Karen Storck and Miles Snyder opened Dazzle
25 years ago at 930 Lincoln Street, the former home of Fuji En Japanese restaurant. While Dazzle was originally a restaurant and bar, Snyder provided its soundtrack with jazz CDs from his extensive home music collection.
In 2001, Donald Rossa, who'd previously worked for the Fourth Story, Piatti and Sfuzzi restaurants, was brought in as a managing partner. Rossa remembers Dazzle as a gathering place for members of Denver’s media around that time. The spot was usually buzzing with conversation, but on September 11, it was a much more somber scene. That’s when Rossa decided that Dazzle needed to start hosting live jazz.
“I said, ‘We’re going to celebrate being American, and our original art form is jazz,'” he recalls. “And Miles said he was on board with it, because Miles taught me about jazz. I didn't know anything about it. I was a rocker.”
Rossa reached out to renowned local trumpeter Bob Montgomery
, who gave him a list of phone numbers for other area jazz musicians. Initially, Dazzle hosted live jazz four nights a week in its bar area; over the next year, another stage was added in its second room, and the venue expanded its live-music program to every night of the week.
“The bar was always the key to that space,” Rossa says. “And then when we added the jazz supper club aspect on the other side of the room, we finally started to make revenue.”
Rossa became the sole owner of Dazzle in 2003; soon afterward, he interviewed El Paso transplant Matt Ruff for the position of general manager. He wanted Ruff to experience Dazzle's ambience during the evening. Ruff recalls the Future Jazz Project
playing one of its popular Thursday night gigs; the club was often packed during the band’s long-running residency.
“I remember being blown away by the band, but also by the venue,” says Ruff, who's been Dazzle’s general manager for eighteen years.
Several music directors helped shape the Lincoln Street space over the years. Ryan Estes was in the position in the early 2000s, when Dazzle primarily hosted local acts, and Tyler Gilmore upped the club's profile in the mid-2000s by bringing in nationally and internationally acclaimed jazz legends and forward-thinking acts. Gilmore was succeeded by Steve Denny and then Kevin Lee.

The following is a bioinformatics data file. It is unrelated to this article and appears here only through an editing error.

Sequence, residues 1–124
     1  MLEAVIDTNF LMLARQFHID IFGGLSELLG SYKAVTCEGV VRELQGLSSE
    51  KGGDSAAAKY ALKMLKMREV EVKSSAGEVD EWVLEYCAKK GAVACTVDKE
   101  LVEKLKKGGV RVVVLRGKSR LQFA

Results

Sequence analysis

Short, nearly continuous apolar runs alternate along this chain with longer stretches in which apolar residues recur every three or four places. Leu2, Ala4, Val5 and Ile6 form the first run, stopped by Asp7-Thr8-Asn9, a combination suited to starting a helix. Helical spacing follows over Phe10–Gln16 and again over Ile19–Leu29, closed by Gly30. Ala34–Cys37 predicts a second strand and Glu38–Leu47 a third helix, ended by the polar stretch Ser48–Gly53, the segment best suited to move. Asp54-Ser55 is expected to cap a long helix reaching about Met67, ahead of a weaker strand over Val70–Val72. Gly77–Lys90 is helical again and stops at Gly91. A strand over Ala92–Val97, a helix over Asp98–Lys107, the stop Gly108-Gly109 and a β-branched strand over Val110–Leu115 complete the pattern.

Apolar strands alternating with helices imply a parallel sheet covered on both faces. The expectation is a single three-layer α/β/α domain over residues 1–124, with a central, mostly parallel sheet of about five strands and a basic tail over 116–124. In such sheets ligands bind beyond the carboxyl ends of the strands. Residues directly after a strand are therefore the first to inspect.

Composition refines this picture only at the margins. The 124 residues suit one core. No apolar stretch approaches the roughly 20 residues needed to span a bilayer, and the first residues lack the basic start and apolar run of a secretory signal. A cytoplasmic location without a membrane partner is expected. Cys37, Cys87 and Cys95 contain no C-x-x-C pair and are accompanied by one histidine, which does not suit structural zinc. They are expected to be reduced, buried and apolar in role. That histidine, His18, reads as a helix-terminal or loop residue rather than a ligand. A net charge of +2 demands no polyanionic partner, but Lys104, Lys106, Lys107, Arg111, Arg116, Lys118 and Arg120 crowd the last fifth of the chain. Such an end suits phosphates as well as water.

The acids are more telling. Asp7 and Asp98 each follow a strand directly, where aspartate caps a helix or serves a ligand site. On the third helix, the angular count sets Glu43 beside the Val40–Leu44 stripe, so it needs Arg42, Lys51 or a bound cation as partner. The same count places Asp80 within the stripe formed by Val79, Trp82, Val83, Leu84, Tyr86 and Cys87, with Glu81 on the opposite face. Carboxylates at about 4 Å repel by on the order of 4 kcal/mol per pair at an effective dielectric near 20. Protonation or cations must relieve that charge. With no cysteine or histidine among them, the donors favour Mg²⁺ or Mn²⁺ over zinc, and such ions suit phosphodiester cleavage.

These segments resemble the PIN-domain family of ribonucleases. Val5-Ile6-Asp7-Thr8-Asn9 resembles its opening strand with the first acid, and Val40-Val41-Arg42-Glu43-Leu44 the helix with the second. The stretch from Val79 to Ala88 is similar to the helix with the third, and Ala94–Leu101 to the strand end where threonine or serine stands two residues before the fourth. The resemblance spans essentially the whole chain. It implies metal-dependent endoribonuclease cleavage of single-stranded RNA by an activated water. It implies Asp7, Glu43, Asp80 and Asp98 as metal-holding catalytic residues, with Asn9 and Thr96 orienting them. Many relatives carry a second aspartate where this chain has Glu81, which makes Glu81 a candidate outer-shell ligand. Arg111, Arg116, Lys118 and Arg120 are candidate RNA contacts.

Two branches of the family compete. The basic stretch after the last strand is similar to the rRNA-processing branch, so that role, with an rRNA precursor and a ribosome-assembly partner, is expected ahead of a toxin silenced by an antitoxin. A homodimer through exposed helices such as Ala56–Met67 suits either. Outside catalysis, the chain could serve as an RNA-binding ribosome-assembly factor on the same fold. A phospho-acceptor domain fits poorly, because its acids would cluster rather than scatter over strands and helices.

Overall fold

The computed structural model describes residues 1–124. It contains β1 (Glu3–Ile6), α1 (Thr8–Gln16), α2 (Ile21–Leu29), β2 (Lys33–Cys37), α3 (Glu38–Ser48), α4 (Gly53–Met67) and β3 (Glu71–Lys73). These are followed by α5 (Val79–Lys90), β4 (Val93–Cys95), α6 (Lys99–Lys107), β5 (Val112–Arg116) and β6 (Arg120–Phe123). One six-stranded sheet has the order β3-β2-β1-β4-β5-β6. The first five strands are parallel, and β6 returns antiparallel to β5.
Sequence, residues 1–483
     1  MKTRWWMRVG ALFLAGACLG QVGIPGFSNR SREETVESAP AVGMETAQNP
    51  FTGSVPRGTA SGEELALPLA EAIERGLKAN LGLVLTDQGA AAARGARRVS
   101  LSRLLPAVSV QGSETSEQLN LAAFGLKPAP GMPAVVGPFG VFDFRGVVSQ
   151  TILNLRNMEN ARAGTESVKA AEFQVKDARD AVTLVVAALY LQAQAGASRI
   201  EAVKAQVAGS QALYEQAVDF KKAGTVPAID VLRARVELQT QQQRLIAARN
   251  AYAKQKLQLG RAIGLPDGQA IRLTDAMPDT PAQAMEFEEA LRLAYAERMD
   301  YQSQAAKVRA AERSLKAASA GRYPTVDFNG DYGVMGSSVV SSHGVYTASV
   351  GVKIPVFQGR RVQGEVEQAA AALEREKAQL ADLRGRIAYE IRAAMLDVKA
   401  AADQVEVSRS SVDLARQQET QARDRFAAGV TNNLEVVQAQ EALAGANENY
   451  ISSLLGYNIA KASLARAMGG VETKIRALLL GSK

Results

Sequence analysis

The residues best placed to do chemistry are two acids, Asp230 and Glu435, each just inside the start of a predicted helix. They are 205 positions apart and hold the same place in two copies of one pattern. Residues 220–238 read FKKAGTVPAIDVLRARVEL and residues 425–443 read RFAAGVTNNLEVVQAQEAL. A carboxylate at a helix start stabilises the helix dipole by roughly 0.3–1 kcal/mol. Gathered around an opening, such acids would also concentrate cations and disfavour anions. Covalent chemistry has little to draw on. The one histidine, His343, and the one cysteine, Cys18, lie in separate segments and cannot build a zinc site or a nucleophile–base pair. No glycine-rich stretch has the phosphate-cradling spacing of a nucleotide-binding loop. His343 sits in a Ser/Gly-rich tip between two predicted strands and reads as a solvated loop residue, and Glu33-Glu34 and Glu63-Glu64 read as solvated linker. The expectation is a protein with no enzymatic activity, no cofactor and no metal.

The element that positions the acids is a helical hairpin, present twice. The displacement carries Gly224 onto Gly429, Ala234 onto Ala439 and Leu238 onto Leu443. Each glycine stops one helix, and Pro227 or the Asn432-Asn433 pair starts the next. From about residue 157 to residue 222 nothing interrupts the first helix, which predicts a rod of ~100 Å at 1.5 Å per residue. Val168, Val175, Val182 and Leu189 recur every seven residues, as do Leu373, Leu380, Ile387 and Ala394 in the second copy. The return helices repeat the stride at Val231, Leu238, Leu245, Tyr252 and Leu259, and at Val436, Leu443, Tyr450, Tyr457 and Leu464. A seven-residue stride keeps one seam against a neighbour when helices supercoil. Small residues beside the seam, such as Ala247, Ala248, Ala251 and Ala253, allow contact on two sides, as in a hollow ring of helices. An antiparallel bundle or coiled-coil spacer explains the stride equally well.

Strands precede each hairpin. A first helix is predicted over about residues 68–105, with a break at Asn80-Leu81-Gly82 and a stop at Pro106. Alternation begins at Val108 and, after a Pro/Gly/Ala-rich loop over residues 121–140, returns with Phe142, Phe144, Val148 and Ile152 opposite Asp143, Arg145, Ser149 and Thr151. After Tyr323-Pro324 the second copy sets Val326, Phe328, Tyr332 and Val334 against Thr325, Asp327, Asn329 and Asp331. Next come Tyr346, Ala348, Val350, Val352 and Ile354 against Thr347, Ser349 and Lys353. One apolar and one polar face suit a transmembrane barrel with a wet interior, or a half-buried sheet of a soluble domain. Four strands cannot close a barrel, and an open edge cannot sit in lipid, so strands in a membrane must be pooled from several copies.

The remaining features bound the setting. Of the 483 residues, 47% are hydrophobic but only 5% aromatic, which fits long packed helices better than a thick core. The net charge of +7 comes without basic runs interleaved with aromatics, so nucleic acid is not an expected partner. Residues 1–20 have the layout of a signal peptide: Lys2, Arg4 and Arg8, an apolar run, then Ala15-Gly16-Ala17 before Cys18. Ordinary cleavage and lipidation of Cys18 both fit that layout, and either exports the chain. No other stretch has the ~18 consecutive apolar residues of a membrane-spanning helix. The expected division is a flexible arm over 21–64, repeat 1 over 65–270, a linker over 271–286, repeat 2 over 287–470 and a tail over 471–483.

“Kevin was just a powerhouse with what he did with the music,” Ruff says. “I mean, he just worked tirelessly. He pretty much did everything himself that the music department does now with four or five people. He just did an incredible job, really expanding the program.”
Over the past 25 years, acts like Robert Glasper, the Bad Plus, Kneebody, Christian McBride, Bill Frisell, Brian Blade and Nels Cline and jazz legends such as Benny Golson, Jimmy Heath, Jim Hall, Houston Person, Lee Konitz, Tom Harrell and countless others have played at Dazzle, both at the Lincoln Street spot and at its current home in the Baur’s Building, at 1512 Curtis Street, where it relocated in 2017.
Dazzle is hosting a 25th-anniversary celebration from Friday, January 7, through Sunday, January 9, with trombonist and composer Mark Patterson
, who grew up in Colorado and now lives in New York, as director and artist in residence for the three-day event. Patterson will perform with local all-star jazz act Convergence
, which will play an early show with singer Roberta Gambarini
and a second set with Rico Jones and Max Light
on Friday; Gambarini will join the act again on Saturday.
Also on Saturday, the curated Dazzled Mixtape: Cross-Country Mixtape
will spotlight Patterson, violinist Sara Caswell, saxophonist Anisha Rush, pianist Jacquelyn Schreiber, bassist Gabe Rupe and drummer Colin Stranahan. The anniversary celebration closes out on Sunday with Mark Patterson Group Stories, featuring guitarist Dale Bruning and Caswell.